19. Total laparoscopic hysterectomy versus da Vinci robotic hysterectomy: is using the robot beneficial?

    Science.gov (United States)

    Soto, Enrique; Lo, Yungtai; Friedman, Kathryn; Soto, Carlos; Nezhat, Farr; Chuang, Linus; Gretz, Herbert

    2011-12-01

    To compare the outcomes of total laparoscopic to robotic approach for hysterectomy and all indicated procedures after controlling for surgeon and other confounding factors. Retrospective chart review of all consecutive cases of total laparoscopic and da Vinci robotic hysterectomies between August 2007 and July 2009 by two gynecologic oncology surgeons. Our primary outcome measure was operative procedure time. Secondary measures included complications, conversion to laparotomy, estimated blood loss and length of hospital stay. A mixed model with a random intercept was applied to control for surgeon and other confounders. Wilcoxon rank-sum, chi-square and Fisher's exact tests were used for the statistical analysis. The 124 patients included in the study consisted of 77 total laparoscopic hysterectomies and 47 robotic hysterectomies. Both groups had similar baseline characteristics, indications for surgery and additional procedures performed. The difference between the mean operative procedure time for the total laparoscopic hysterectomy group (111.4 minutes) and the robotic hysterectomy group (150.8 minutes) was statistically significant (p=0.0001) despite the fact that the specimens obtained in the total laparoscopic hysterectomy group were significantly larger (125 g vs. 94 g, p=0.002). The robotic hysterectomy group had statistically less estimated blood loss than the total laparoscopic hysterectomy group (131.5 mL vs. 207.7 mL, p=0.0105) however no patients required a blood transfusion in either group. Both groups had a comparable rate of conversion to laparotomy, intraoperative complications, and length of hospital stay. Total laparoscopic hysterectomy can be performed safely and in less operative time compared to robotic hysterectomy when performed by trained surgeons.

  20. Robot assisted partial nephrectomy (Da Vinci) in an angiomyolipoma associated to Wünderlich Syndrome.

    Science.gov (United States)

    Bolufer, Eduardo; López-Fontana, Gastón; Castillo, Octavio A

    2012-11-01

    To describe a case of renal angiomyolipoma treated by robotic assisted surgery. We report the case of a 26 year old females patient, in the context of third month pregnancy, who was diagnosed of spontaneous self-limited retroperitoneal hemorrhage due to renal angiomyolipoma. The patient was treated conservatively until normal delivery. At the 3rd month postpartum a robot-assisted (Da Vinci S) nephron sparing surgery (partial nephrectomy) was performed. Despite being a benign tumor, there are cases in which the renal angiomyolipoma requires surgical treatment. To our knowledge, after a thorough review of the literature, this would be the first reported case of angiomyolipoma treated with conservative surgery with robotic assistance (Da Vinci S-HD).

  1. Robotic right colectomy using the Da Vinci Single-Site® platform: case report.

    Science.gov (United States)

    Morelli, Luca; Guadagni, Simone; Caprili, Giovanni; Di Candio, Giulio; Boggi, Ugo; Mosca, Franco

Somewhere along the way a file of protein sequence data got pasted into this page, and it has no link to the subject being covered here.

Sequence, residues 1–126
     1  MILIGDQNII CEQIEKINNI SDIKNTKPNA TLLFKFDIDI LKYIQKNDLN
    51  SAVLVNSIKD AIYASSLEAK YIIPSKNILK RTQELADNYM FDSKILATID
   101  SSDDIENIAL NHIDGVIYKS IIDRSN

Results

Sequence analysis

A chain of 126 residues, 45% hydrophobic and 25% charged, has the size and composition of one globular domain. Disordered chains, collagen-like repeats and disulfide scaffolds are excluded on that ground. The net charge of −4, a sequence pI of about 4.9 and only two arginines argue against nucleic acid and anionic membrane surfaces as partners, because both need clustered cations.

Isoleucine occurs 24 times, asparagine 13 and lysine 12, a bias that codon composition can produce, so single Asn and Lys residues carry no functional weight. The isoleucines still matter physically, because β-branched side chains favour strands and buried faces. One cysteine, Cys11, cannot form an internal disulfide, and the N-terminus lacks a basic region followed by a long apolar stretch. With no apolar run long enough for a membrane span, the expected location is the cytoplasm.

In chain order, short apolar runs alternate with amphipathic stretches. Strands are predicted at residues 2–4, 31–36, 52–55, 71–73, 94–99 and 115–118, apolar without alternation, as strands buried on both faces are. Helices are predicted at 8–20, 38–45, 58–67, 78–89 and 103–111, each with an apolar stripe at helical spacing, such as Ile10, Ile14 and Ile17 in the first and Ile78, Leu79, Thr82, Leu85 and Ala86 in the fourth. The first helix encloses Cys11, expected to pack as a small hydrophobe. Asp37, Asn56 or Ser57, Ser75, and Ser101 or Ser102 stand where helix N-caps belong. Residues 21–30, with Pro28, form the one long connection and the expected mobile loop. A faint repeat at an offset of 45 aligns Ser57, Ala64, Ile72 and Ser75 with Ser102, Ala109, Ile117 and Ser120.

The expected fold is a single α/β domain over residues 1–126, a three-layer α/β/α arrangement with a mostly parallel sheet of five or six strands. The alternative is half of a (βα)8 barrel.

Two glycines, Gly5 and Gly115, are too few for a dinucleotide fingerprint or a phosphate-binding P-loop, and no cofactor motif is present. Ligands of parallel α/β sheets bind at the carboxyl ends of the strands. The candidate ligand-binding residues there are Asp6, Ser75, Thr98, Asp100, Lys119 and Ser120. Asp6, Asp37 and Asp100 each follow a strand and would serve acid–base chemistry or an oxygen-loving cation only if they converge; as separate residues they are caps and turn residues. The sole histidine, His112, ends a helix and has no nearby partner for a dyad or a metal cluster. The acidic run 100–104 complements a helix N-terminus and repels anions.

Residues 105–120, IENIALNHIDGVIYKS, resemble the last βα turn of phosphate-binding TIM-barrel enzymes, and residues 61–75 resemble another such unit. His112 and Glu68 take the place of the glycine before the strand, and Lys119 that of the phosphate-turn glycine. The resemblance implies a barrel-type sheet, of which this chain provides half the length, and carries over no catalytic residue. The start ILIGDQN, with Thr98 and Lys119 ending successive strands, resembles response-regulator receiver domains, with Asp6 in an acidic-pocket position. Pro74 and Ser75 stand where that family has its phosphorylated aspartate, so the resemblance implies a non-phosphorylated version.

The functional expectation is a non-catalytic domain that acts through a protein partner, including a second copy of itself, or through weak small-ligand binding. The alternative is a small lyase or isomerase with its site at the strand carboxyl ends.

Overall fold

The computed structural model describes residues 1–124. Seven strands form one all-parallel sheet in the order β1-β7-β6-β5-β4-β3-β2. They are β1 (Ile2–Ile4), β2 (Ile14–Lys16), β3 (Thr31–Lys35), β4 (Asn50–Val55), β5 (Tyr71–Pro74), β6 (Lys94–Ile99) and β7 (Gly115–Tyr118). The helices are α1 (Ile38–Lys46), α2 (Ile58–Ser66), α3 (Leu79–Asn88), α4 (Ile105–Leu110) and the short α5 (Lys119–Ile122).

2013-09-01

    While single-port laparoscopy for abdominal surgery is technically challenging, the Da Vinci Single-Site® robotic surgery platform may help to overcome some of the difficulties of this rapidly evolving technique. The authors of this article present a case of single-incision, robotic right colectomy using this device. A 74-year-old female with malignant polyp of caecum was operated on with a single-site approach using the Da Vinci Single-Site® robotic surgery device. Resection and anastomosis were performed extra-corporeally after undocking the robot. The procedure was successfully completed in 200 min. No surgical complications occurred during the intervention and the post-operative stay and no conversion to laparotomy or additional trocars were required. To the best of our knowledge, this is the first case of right colectomy using the Da Vinci Single-Site® robotic surgery platform to be reported. The procedure is feasible and safe and its main advantages are restoration of triangulation and reduced instrument clashes. Copyright © 2013 John Wiley & Sons, Ltd.

  2. Advancement of technology and its impact on urologists: release of the daVinci Xi, a new surgical robot.

    Science.gov (United States)

    Wilson, Timothy G

    2014-11-01

    The technology for robotic surgery continues to evolve. Robotic surgery has allowed us the opportunity to critically analyze outcomes and improve surgical technique both open and robotic. The new da Vinci Xi may allow us to do even more complex surgeries with minimally invasive techniques, but the true advantages remain to be seen. Copyright © 2014. Published by Elsevier B.V.

  3. da Vinci robotic partial nephrectomy for renal cell carcinoma: an atlas of the four-arm technique

    OpenAIRE

    Bhayani, Sam B.

    2008-01-01

    da Vinci robotic surgery is becoming a standard alternative to open and laparoscopic surgical techniques. Robotic partial nephrectomy has been described in limited numbers. In this article, a surgical atlas of the transperitoneal four-arm approach to robotic partial nephrectomy is outlined. Surgical pearls, pitfalls, and limitations are reviewed.